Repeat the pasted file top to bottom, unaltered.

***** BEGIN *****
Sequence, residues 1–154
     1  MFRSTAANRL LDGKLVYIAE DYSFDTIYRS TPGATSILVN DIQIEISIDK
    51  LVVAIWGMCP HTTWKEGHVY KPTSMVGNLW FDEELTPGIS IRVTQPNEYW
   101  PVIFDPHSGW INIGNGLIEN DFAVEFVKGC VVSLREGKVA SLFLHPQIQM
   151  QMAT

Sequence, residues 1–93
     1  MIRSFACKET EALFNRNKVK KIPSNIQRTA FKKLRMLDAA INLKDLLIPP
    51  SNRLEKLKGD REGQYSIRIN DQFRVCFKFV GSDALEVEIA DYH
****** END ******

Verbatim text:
Sequence, residues 1–154
     1  MFRSTAANRL LDGKLVYIAE DYSFDTIYRS TPGATSILVN DIQIEISIDK
    51  LVVAIWGMCP HTTWKEGHVY KPTSMVGNLW FDEELTPGIS IRVTQPNEYW
   101  PVIFDPHSGW INIGNGLIEN DFAVEFVKGC VVSLREGKVA SLFLHPQIQM
   151  QMAT

Sequence, residues 1–93
     1  MIRSFACKET EALFNRNKVK KIPSNIQRTA FKKLRMLDAA INLKDLLIPP
    51  SNRLEKLKGD REGQYSIRIN DQFRVCFKFV GSDALEVEIA DYH